Monday, April 07, 2014

Two-minute rule

"How Much Is NSA Spying Costing In Lost Productivity?"  We can't quantify the effect so let's ignore the problem.

"Goin’ Down That Same Old Road…"  We can't quantify the effect so let's ignore the problem.

"Does this ever work?"  You know you are in trouble when your new group of leaders just got off the plane from returning from the scofflaw jurisdiction to which they recently fled to avoid justified prosecution.  It is also a little weird when they are all the worst of the group who were the subject of the protests which led to the coup.

"Higher Education" (David Kaiser):
 "The world today is changing very rapidly, and we are having trouble coping with it, it seems to me, precisely because of a lack of long-term historical sense.  As I mentioned last week, our foreign policy establishment is committed to a rather naive belief in the continuing, unstoppable spread of democracy.  A few sanctions, it seems, will get any dissenters--like Vladimir Putin--back on the straight and narrow.  But that is not so.  The period of the Cold War was parallel to the long peace that followed the Napoleonic wars, roughly from 1815 until the mid-1860s.  A series of wars in that decade created modern Italy and Germany, but, thanks largely to Bismarck's skillful diplomacy, things did not spin completely out of control until 1914.   Bismarck may be Putin's model as well:  he wanted to make Prussia supreme in most of Germany, just as Putin wants to restore some of Russia's position in the former Soviet Union, but even Bismarck did not want all German-speaking lands under his control.   The Middle East, meanwhile, has essentially abandoned western tutelage.  The future relationship of the West and the Far East is, I think, much more uncertain than many of us realize.

We need men and women at the head of our institutions who can think both historically and on behalf of our whole society.  We do not seem to be producing very many of them any more.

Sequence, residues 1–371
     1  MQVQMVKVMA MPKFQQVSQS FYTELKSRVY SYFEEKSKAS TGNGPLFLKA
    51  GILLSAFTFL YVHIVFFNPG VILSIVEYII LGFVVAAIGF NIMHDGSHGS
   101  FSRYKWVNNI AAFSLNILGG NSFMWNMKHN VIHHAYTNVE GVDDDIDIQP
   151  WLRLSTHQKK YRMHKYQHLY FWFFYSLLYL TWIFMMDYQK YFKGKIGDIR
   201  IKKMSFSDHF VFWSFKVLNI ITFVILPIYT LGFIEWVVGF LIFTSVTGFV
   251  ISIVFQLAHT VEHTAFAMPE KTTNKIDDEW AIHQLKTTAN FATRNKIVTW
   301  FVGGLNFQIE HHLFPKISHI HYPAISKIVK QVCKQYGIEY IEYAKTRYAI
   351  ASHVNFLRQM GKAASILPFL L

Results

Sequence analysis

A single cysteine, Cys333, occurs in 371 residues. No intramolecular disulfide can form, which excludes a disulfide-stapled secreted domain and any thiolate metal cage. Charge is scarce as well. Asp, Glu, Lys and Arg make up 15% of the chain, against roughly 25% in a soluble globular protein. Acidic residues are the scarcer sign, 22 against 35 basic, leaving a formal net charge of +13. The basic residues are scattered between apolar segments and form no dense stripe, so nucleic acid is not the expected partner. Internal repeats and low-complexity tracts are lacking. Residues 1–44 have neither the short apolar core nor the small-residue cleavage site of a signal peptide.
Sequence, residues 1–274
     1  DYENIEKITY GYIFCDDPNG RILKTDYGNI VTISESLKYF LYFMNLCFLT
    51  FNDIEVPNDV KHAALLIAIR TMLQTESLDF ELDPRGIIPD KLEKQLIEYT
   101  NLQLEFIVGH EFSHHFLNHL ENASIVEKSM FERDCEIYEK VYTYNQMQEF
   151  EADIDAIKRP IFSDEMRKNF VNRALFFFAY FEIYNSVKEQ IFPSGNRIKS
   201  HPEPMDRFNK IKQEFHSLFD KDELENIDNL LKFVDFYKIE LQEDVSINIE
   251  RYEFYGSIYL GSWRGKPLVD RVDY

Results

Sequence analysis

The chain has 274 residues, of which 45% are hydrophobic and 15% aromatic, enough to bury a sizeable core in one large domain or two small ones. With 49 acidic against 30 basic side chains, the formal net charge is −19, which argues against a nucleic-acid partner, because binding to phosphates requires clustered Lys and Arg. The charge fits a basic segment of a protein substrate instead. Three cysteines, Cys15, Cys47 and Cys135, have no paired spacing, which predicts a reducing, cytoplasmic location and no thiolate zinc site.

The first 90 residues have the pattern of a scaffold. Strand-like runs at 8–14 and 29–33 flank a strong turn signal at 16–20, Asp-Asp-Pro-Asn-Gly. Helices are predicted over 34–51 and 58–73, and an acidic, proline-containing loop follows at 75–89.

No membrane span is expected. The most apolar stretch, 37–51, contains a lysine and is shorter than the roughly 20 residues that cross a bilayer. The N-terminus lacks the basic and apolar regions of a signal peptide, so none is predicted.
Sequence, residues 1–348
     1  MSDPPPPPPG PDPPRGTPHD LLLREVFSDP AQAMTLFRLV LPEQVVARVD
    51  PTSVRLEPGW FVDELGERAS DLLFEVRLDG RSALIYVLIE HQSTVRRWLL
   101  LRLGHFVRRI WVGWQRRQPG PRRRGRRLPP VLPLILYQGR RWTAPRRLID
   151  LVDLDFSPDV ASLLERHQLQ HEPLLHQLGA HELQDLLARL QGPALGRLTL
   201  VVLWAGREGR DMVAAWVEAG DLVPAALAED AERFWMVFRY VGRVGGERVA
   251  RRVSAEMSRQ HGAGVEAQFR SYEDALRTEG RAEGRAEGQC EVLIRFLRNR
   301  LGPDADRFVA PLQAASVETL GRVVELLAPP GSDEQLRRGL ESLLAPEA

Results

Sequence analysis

I shall take a moment now to touch on another current controversy: Israel's insistence, as part of the peace negotiations involving the Palestinians, that the Palestinians and other Arab states accept Israel as a specifically Jewish state.  This, to  me, is a sad commentary on the decline of classic western political values.  After the American and French Revolutions citizenship became increasingly divorced from religion and, in much of western Europe, from ethnicity as well.  The Enlightenment called for equal political rights for all.  The Balfour Declaration called for a "Jewish national home": in which Jews--and specifically the Jews of the Russian Empire, who enjoyed very few political rights--could enjoy those rights, although it also specifically promised to protect the rights of the Arab population.  Israel has never been a completely Jewish state, and indeed, its Arab minority is increasing.  No advanced nation has found a way to keep its birth rate high enough to do without immigration.  Yet Israel wants to give special status to its majority of Jewish citizens--and to treat the Arab citizens similarly to the way Jews were treated in Europe in earlier ages.  I do not think this was what the founders of Zionism had in mind, but they came from much earlier generations. "

"The Forgotten Method of Eating Matzah"  Guide for the perplexed.
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